Tingtai Teahouse in Shanghai, China

Photographer: Linehouse

Wanling Tea House

This multi-faceted tea establishment can be many things depending on how integrated you want to be with the tea culture of China. Named after the owner Wan Ling, who moved to Shanghai from Fujian and used her expertise from the tea-rich province to open Wanling Tea House. Set in a romantic lane house in the former French Concession, the tea house is separated into three rooms: the tea room itself which works with local farmers and offers some of the finest quality tea in China, a VIP room for tea lessons and pre-booked tea ceremonies, and a public tasting room. Many connoisseurs come to Wanling for their speciality oolong Tie Guanyin which goes through a long nine-step process before being ready to drink. They’re very happy to talk you through this process as they serve you meaning you leave not only refreshed but more knowledgeable than when you arrived. If you find a favourite here, then you order internationally from their online store allowing your tea journey to continue long after you leave.


Address: No 1, 619 Jianguo Xi Lu, near Gao'an Lu

Gun Fu Cha Tea Ceremony

Photographer: Alina_Stock

Zenjoy

Tucked within the romantic French Concession, this atmospheric tea house incorporates lush greenery in its design and looks out onto a tranquil garden and pond scene. The seating within Zenjoy is particularly unique as you can request booths partially submerged in the koi fish pond for a relaxing experience that transcends most tea house offerings. If you prefer your tea with a meal, rather than small snacks, Zenjoy is an ideal choice as they offer a select menu of traditional meals like tea eggs, beef noodles, and delicious tea-related desserts. The drinks menu is varied and house specialities include Longjing, a pan-roasted green tea from Hangzhou and Baihao Yinzhen, a particularly prized variety of white tea.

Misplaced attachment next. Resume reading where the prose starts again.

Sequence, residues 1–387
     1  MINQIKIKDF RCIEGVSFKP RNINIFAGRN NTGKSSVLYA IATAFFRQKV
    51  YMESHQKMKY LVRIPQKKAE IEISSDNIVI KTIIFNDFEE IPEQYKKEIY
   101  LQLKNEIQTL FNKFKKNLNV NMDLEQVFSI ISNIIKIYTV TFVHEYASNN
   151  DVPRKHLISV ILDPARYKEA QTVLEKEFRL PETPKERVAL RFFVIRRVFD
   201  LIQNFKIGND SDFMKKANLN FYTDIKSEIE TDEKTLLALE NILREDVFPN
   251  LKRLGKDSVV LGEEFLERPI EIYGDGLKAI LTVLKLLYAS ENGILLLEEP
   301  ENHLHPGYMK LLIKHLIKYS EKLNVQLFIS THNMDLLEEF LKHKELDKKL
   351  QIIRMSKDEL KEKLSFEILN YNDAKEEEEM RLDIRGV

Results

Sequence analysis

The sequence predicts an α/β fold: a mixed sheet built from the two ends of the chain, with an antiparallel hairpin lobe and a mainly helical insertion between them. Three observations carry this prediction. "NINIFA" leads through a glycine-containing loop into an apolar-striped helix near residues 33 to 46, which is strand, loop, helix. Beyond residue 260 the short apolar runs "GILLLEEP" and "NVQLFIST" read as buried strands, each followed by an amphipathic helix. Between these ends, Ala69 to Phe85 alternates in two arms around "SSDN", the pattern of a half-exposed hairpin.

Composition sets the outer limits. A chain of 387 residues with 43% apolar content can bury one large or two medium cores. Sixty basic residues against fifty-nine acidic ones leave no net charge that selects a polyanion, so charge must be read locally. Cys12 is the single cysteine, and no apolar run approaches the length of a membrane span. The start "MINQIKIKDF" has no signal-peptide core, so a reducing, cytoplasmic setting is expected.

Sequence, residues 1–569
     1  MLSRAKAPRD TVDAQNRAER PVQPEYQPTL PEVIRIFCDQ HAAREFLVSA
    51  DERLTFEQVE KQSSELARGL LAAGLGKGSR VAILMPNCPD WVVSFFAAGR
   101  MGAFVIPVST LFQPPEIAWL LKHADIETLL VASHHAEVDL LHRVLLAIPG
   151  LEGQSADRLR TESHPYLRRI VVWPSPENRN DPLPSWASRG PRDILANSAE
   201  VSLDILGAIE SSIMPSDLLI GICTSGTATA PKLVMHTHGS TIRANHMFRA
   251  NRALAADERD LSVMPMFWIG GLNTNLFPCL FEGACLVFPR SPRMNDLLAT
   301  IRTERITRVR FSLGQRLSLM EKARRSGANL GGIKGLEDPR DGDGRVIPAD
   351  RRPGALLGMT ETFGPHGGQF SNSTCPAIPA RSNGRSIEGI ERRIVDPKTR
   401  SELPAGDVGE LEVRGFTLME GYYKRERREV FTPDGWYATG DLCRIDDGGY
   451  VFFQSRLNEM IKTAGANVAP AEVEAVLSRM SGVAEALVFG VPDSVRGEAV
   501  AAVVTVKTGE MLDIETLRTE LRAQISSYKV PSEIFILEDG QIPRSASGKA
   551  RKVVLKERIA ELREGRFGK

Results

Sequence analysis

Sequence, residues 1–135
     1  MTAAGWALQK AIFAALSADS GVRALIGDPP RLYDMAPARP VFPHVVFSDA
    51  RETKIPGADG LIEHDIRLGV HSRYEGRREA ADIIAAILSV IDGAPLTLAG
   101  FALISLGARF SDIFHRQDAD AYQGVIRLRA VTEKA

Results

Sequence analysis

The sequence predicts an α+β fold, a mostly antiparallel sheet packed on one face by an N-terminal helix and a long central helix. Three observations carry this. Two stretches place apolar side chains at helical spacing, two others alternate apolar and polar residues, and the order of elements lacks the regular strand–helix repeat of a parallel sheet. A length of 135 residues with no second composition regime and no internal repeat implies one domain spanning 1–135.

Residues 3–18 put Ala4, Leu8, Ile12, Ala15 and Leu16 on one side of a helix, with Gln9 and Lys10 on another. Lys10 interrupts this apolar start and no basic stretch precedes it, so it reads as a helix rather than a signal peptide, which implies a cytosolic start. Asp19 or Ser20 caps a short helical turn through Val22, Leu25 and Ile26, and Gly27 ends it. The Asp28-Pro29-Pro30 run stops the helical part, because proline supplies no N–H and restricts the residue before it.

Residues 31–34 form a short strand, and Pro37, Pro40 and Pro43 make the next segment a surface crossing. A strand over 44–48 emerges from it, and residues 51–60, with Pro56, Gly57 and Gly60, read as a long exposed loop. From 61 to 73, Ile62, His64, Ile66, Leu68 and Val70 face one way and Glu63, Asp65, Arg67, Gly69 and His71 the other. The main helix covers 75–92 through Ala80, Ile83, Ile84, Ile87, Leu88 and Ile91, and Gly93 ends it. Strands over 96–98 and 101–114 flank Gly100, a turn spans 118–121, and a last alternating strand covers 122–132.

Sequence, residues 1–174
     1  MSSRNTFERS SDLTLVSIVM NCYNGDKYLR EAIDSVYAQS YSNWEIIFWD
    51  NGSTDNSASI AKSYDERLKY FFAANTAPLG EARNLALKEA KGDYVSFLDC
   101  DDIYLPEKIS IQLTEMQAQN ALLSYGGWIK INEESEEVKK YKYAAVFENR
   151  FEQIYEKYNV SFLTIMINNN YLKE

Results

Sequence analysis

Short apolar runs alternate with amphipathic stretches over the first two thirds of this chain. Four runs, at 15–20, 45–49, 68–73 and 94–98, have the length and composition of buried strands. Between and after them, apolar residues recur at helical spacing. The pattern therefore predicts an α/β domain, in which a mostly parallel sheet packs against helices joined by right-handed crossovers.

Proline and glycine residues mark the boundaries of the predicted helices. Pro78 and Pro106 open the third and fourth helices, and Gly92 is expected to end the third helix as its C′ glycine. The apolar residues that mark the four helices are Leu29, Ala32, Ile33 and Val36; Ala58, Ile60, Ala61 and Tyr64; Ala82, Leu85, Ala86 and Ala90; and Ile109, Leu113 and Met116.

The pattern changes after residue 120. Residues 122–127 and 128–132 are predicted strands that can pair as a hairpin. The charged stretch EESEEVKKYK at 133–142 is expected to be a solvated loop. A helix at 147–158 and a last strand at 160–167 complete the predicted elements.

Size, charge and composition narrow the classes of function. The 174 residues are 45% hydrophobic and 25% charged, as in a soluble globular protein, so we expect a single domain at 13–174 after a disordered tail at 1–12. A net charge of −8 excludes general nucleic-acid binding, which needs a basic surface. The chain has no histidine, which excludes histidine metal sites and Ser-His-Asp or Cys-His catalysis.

Address: 396 Dagu Lu, Near North Chengdu Lu

Chinese tea in a traditional ceremony

Photographer: Subbotina Anna

Old Shanghai Tea House

The Old Shanghai Tea House is everything you picture when you think of a traditional tea establishment, the striking antique wooden interior conjuring visions of Shanghai long past, helped along by shots of Shanghai during the colonial era lining the walls. As servers glide by, tray in hand, dressed in a traditional qipao, the intoxicating scent is second to none. Old Shanghai Teahouse has one of the widest selection of tea menus in Shanghai, with some less traditional choices like watermelon green tea alongside the more classic offerings. This is a popular haunt for visitors to Shanghai due to its central location and well-preserved aesthetic, so you’ll find that the menu is bilingual and they even offer alternative drinks for non-tea fans. Side-snacks include traditional pickled plums, sweet treats, and quails eggs mixed but also a wide choice from other parts of Asia.


Address: No. 385, Middle Fangbang Road

Chinese dried tea

Photographer: Vera Petruk